The tax lien investment vehicle is the ultimate blending of good returns and security. Like savings accounts, it is "insured". Instead of the FDIC, tax liens are secured by real estate.

Tax liens also offer a peace of mind because it's enforced by the state government and set in state statute. Additionally, since its run by the government, the rates do not get affected by corporate scandals, Middle East oil issues, North Korean missiles, or quarterly earning reports.

For instance, if you invest in tax liens in the state of Florida, you could potentially earn a yearly interest rate of 18 percent. In Arizona, their default interest rate is 16 percent. In 2005, Colorado's rate of return was 14 percent.

These interest rates are set! They are not modified or moved on a whim by market pressures.

Within the next few days, you'll quickly learn how to participate in these auctions and how to come out with a profit.

What Are Tax Liens?

A tax lien is a statutory lien placed against a property. A tax lien is usually filed because the owner did not pay his property taxes.

Property taxes are the primary source of revenue for state and county governments. On a local and state level, without assessing these taxes, there would be no schools, police, road improvements, road repairs, fire departments or any other county or parish funded entities.

By filing a tax lien and selling the lien to an investor, the county is able to recoup their property tax loss. The investor in return will be paid interest and penalties if the property owner pays for the lien.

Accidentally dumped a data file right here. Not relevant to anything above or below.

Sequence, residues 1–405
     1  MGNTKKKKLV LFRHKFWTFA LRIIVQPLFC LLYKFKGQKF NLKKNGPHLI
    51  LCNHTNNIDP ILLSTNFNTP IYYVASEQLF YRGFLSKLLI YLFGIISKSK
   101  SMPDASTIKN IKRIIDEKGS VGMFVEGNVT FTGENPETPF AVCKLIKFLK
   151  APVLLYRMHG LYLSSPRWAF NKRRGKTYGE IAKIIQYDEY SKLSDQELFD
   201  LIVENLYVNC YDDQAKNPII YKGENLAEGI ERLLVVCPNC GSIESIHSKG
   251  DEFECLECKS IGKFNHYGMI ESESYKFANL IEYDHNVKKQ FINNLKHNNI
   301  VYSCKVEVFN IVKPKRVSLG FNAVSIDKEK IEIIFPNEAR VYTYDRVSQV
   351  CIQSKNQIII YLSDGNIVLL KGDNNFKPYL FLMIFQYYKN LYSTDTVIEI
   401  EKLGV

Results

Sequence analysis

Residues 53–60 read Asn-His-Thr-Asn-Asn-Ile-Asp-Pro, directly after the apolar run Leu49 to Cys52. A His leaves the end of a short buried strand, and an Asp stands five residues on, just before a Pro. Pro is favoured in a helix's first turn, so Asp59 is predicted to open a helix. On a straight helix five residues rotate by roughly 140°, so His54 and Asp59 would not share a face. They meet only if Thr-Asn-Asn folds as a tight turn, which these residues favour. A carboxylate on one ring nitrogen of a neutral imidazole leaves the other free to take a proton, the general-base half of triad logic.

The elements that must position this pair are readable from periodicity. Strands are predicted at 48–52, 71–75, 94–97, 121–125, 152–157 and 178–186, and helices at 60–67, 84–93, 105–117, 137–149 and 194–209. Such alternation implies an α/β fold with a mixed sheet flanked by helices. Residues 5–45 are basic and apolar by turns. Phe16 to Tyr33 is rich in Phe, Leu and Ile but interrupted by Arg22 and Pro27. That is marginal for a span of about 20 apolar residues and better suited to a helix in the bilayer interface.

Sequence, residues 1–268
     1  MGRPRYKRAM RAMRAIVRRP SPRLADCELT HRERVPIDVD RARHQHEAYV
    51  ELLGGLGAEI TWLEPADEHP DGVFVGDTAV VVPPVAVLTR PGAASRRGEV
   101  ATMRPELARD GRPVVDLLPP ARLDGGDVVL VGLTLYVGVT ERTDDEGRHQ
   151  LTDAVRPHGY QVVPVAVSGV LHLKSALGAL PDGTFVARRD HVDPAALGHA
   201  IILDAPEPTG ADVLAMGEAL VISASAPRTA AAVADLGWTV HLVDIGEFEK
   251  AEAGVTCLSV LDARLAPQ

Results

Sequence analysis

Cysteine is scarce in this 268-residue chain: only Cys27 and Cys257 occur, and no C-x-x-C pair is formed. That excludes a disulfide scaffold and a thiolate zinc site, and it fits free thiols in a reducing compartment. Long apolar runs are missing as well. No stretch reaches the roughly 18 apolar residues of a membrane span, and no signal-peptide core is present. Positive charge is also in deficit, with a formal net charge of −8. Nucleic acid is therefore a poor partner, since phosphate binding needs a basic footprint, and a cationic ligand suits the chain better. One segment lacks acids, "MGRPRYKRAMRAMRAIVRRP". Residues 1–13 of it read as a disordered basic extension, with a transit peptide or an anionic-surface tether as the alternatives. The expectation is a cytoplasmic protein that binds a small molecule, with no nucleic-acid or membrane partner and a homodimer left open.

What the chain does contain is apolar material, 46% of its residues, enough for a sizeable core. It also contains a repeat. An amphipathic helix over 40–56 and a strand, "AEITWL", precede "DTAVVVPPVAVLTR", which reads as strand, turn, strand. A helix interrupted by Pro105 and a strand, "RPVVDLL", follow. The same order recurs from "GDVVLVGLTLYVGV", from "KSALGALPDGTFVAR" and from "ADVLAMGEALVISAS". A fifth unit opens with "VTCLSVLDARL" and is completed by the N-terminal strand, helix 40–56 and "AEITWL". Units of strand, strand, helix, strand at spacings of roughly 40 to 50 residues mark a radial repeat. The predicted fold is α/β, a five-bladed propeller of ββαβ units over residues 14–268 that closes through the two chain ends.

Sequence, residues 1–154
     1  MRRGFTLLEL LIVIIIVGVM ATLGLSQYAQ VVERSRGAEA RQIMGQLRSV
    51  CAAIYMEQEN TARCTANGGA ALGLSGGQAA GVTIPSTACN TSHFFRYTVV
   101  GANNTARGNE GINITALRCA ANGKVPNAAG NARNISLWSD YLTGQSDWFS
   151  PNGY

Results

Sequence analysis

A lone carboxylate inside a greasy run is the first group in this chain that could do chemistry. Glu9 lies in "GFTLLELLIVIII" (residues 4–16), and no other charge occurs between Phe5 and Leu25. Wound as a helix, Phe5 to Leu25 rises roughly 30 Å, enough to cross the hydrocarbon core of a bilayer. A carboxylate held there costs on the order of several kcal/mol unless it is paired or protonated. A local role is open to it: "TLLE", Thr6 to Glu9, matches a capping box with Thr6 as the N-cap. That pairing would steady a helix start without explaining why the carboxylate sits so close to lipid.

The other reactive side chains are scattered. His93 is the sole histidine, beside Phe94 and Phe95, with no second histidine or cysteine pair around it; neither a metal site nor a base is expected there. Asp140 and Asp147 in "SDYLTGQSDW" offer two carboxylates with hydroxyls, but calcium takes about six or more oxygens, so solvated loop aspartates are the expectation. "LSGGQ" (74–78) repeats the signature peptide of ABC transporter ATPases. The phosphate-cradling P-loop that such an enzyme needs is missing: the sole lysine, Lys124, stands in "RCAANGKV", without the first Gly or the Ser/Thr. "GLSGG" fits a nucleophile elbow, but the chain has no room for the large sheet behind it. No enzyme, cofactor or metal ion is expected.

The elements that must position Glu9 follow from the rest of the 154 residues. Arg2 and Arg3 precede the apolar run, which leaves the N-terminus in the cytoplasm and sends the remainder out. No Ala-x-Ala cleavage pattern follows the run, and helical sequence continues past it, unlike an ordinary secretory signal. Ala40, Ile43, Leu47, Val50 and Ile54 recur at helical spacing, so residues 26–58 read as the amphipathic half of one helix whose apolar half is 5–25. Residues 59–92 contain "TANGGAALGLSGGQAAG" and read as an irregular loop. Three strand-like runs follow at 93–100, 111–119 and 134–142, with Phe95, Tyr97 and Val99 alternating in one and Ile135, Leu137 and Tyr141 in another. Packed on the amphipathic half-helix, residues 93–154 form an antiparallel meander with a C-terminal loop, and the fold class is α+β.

If the lien is not paid after a certain amount of time, the owner could lose the property. Each state that sells tax liens has a set redemption periods for repaying liens.

A redemption period is the length of time property owners are allowed to pay the debt after the lien is filed. If they don't pay within that given time frame, the investor can recoup his investment by owning the property outright.

For instance, in the state of Texas, if a property owner doesn't pay his lien to the county's tax collector within the given six month redemption period, he could lose ownership of his non-homestead property to the investor.

Why Do Property Owners Do This?

You may be wondering why a property owner would allow his property to have a lien held against it. Many have paid on their property for years and have acquired thousands or even hundreds of thousands of dollars in equity. So what would cause them to fall behind on their taxes to the point of risking all that they have in their investment?

Surprisingly, many of these situations arise from the simple mishandling of a tax bill. Some also leave the properties that they do not want to simply fall into foreclosure. Whatever the reason is for their tax delinquency, their loss is your gain.

Remember, not only are you helping yourself by investing in tax liens, you are also helping others - without investors, county governments wouldn't have balanced budgets and government employees like 911 operators wouldn't exist.

Are These Properties Dumps?

One of the biggest misconceptions about tax auctions is that the property must be worthless for the owner not to pay their taxes on time. Though you'll find many listed in tax lien auctions as unbuildable, and unsellable, there are many diamonds in the rough.

Check out this beautiful five acre lot in Ft Garland, Colorado:

This stunning ranch property that sits besides the Rocky Mountains had a tax lien on it. The owner was from Saudi Arabia and no longer paid the property taxes. Who knows why he ignored his five acre ranch property - he may have forgotten about it, or thought it was too cumbersome to maintain something thousands of miles away.

No one truly knows the reason why people leave assets behind, sitting idle with taxes unpaid. What is known is that it is an opportunity for investors like you.

To recap, there are two avenues of realizing a return on an investment when purchasing tax liens.

The first is through redemption. The delinquent tax bill is paid off and the investor receives the funds plus interest and penalties.